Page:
Hamilton Health Care System’s Anna Shaw Children’s Institute (ASCI) has helped more than 400 children with developmental delays and their families since opening last April. There have been approximately 3,800 patient visits.
“We have had an amazing beginning,” said Terri Woodruff, executive director.
Most of the patients are Georgia residents, however some patients have come from Tennessee and Florida.
Dedicated to the memory of longtime Whitfield County resident Anna Sue Shaw, the Institute is a regional leader of and advocate for the care of children who are experiencing the challenges of autism spectrum disorder, cerebral palsy, ADHD/ADD, down syndrome, spina bifida, Apert syndrome, cri du chat syndrome, Lennox Gastaut syndrome, hydrocephalus, spinal cord injury, attention-deficit/hyperactivity disorder, hypoxic ischemic encephalopathy or developmental delays.
“There is a high volume of children with complex conditions in our area who need services,” said Woodruff. “We are getting to know the needs of the children and families in our community and beyond, and we’re so excited to be able to partner with parents and caregivers to provide state-of-the-art, evidence-based care for their children.”
Providers who specialize in the care of children include: a psychologist, developmental behavioral pediatricians, neurodevelopmental pediatrician, social worker, speech-language pathologists, physical therapists, behavior analysts, music therapist, occupational therapists, care navigator and others.
“Our team is phenomenal,” said Woodruff. “Everyone has a passion for children. The coordination of all care services under one roof has benefited the providers, the children and the families. Collaboration among all caregivers has streamlined services and been such a convenience for families.”
ASCI has initiated free programs since opening, including Arts in the Treetops (music events designed to introduce people to music therapy), Classes to Help, Advise & Motivate Parents (CHAMP, educational classes on the first Tuesday of the month), parent support group (second Tuesday of the month) and Reading around the Tree (story time for children).
With design elements inspired by the style of a tree house, the Anna Shaw Children’s Institute was designed to be considerate of children’s differing abilities to tolerate light, sound and texture. The Institute provides a unique environment with the overall goal to blend calming color and fun play for children of all abilities.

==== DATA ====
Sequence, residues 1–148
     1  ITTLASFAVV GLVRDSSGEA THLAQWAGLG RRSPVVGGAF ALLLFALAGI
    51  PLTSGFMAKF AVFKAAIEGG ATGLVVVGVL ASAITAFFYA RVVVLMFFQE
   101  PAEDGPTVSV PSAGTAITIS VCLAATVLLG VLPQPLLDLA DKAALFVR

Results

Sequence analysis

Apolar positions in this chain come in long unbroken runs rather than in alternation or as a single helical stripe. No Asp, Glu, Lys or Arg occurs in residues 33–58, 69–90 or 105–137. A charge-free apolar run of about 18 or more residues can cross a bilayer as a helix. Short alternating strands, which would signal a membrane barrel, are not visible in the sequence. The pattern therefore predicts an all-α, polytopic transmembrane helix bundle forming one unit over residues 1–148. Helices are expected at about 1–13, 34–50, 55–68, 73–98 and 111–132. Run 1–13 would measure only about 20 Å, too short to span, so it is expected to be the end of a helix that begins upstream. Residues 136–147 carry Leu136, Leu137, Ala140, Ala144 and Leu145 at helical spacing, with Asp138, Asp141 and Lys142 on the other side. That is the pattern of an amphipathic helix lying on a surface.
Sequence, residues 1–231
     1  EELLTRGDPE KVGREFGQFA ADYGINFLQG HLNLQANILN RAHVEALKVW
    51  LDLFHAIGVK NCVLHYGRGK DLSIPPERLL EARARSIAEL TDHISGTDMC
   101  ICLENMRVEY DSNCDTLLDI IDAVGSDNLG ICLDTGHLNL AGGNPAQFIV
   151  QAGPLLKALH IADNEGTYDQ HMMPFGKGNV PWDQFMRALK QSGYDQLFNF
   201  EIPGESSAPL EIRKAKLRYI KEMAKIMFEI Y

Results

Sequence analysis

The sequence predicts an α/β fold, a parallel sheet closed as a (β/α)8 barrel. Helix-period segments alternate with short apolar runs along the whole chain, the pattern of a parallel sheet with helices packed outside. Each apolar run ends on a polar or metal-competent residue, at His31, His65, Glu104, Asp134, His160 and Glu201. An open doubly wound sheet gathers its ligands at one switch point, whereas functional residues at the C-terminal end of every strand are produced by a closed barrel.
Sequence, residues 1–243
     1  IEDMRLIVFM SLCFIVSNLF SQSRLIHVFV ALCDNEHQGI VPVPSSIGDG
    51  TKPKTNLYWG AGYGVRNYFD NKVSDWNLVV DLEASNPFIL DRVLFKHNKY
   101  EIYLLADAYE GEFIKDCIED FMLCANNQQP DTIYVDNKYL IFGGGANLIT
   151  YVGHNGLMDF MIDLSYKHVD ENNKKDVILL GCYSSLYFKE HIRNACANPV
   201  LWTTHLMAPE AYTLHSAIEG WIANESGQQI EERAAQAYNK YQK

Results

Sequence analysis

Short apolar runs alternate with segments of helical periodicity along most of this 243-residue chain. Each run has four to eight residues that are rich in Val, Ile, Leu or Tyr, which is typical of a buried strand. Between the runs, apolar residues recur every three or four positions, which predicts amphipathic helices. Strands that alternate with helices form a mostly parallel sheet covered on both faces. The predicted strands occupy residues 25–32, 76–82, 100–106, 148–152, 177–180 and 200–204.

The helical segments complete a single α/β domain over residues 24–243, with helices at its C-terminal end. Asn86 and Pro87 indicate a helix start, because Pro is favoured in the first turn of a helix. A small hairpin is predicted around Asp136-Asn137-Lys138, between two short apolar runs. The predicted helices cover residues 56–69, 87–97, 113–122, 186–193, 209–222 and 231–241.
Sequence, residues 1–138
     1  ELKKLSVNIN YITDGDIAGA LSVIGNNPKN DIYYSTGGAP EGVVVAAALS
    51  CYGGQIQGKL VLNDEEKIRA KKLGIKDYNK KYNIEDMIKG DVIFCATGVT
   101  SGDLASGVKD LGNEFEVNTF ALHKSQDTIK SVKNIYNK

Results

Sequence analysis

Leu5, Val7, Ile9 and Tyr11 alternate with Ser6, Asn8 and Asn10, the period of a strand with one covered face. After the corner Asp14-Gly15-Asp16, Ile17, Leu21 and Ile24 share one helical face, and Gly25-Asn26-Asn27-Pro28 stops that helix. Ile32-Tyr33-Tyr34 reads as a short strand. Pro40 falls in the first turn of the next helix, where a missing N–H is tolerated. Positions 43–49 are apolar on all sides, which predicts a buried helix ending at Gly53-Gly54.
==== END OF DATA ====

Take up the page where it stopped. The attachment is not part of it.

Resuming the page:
The room designs include forest animals, birds or butterflies. Each of the rooms has dimmable lights. Some unique areas for care include the Swan Room, an aquatic therapy room for children with a swim tank. The Oriole room is used for occupational therapy. Feeding therapy can take place in the Finch or Falcon rooms in a booth that mimics dining out. Children can participate in speech therapy in the Sparrow or the Seagull rooms. To emphasize the woodland theme, local artists have painted or designed an artistic piece for each room, featuring the animal assigned to the specific room.
Children can receive physical or occupational therapy in the Tree House Gym, a large 2,900-square-foot gym with colorful patterns on the floor, an adaptive climbing wall, an indoor slide and a fun track in the middle of the room. During pleasant weather, therapy can be enjoyed outside in the Treehouse Terrace, an outdoor therapy area with a roller slide, a spinning chair, adaptive pull up bars, a sensory wave and a fun set of tympani drums.
A unique gift shop, Treetop Treasures, features sensory friendly toys, weighted blankets, puzzles, books and other items specifically for children receiving care at the Institute.
The Children’s Institute plans to expand support as it grows.
“We want to provide a focus on what children can do rather than their limitations,” said Woodruff. “We plan to create a literacy rich environment by giving children books and promoting reading to children, support families so they can meet their child’s needs, advocate for families with insurance companies, medical equipment companies and community resources, and continue to provide free classes for families to advance their understanding of caring for their child.”
A large number of families are impacted by developmental delays in this area. Currently Whitfield, Murray, Gordon and Catoosa counties, there are 27,500 plus children who are diagnosed with a developmental disability. According to the CDC, one in 59 children in the United States are impacted by autism.